"The game changes," Jones said. "If you ask, 'Could it win 10 years ago?' No, it couldn't. Because it didn't. Is the NBA game, are the players, are the skill sets the same as they were back then? No. It's totally different skill sets, totally different feel for the game. In today's era, that's what works, because the league has transitioned to it."
One way or another, the D'Antoni Suns—or some of them, anyway—will celebrate a title this week. The Warriors have Gentry, Barbosa and Kerr, who served as the Suns general manager in D'Antoni's last season. The Cavaliers have Jones, Marion, Bell and general manager David Griffin, who began his career in Phoenix.
While a Cavs championship would be mostly credited to LeBron's individual greatness, it should also be noted that Cleveland shot the second-most three-pointers (27.5 per game) in the NBA this season, with long-distance-shooting power forward Kevin Love helping to keep the floor spread.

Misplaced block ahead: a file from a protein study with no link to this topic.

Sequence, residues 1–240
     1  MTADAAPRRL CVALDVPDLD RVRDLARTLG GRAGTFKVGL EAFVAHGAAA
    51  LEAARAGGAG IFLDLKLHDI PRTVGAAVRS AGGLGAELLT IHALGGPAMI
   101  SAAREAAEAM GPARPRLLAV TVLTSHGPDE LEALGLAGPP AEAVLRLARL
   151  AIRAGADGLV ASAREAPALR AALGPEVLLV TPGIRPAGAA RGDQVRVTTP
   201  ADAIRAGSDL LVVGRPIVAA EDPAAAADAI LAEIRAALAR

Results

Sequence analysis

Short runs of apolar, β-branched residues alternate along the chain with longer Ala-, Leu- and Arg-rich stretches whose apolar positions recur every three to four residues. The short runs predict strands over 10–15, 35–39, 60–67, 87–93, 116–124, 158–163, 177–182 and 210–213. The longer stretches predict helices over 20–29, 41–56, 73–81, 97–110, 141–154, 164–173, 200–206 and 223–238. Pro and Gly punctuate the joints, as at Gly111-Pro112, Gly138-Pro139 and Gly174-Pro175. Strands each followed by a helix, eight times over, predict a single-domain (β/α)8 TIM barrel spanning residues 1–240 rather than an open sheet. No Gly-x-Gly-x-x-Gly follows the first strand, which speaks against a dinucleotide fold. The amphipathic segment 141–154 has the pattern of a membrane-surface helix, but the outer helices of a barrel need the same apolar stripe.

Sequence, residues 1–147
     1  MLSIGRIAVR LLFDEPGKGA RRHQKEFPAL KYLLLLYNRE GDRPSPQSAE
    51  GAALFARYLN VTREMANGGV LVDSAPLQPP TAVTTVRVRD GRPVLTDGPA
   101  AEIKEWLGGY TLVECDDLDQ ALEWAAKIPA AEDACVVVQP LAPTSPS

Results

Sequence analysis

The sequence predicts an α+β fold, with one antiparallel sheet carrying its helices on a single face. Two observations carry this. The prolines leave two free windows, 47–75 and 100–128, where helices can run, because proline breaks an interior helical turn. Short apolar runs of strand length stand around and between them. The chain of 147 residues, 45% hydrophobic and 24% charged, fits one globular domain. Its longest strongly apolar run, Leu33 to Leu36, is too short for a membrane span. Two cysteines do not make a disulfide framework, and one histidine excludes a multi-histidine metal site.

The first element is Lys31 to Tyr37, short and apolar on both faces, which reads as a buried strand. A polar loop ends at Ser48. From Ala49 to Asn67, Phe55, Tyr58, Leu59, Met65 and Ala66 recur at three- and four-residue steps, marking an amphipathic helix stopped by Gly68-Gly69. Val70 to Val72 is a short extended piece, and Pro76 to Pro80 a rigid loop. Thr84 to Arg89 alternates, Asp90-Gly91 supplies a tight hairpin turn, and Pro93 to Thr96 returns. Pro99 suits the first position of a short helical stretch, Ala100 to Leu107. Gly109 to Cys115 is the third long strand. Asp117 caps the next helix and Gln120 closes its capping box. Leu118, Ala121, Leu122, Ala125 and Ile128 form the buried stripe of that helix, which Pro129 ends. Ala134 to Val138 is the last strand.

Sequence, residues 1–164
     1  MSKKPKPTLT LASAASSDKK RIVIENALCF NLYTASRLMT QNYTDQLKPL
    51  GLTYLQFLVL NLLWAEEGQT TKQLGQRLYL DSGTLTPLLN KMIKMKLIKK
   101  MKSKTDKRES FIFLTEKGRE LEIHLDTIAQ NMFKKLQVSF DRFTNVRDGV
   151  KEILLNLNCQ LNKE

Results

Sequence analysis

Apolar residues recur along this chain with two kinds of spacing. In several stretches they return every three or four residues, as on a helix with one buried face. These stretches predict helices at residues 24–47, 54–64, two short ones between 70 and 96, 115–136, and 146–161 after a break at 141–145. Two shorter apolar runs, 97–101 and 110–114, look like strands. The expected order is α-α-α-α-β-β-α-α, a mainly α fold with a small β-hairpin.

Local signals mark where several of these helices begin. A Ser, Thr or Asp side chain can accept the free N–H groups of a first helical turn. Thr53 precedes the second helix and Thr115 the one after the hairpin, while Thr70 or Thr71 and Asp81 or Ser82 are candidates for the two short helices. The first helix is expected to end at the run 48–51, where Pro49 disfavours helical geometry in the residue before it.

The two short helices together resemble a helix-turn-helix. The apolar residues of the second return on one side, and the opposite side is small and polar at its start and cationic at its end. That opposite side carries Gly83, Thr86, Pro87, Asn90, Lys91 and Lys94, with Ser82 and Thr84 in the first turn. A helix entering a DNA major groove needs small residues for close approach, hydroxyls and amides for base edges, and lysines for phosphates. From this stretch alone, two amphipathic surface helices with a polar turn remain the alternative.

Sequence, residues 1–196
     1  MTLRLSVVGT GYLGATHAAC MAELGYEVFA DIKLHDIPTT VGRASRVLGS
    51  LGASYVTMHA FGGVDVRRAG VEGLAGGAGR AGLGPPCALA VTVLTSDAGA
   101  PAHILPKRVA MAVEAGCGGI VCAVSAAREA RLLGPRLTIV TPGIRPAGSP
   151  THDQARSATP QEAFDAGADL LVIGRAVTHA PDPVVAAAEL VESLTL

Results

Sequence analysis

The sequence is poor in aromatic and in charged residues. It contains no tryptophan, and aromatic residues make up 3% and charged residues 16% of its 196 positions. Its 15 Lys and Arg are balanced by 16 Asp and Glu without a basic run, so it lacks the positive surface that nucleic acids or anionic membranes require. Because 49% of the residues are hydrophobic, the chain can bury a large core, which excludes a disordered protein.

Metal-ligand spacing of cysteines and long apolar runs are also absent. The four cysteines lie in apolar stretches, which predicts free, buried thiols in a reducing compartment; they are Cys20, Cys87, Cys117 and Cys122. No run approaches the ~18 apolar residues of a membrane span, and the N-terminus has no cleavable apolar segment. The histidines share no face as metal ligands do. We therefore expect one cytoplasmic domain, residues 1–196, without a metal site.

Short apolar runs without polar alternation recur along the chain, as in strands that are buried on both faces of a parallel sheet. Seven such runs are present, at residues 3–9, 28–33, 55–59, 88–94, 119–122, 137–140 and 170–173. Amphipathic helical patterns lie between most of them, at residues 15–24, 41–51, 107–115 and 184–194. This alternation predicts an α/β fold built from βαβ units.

And the revolution marches on. Gentry has been named the next head coach of the New Orleans Pelicans, who hired him to add some zip to their offense.
The Indiana Pacers, who became an Eastern Conference power with a defense built around the 7'2" Roy Hibbert, are now looking to diminish his role and play smaller and faster. Pacers star Paul George recently told the Indianapolis Star's Dana Hunsinger Benbow he's planning to play as a stretch-four in a small lineup.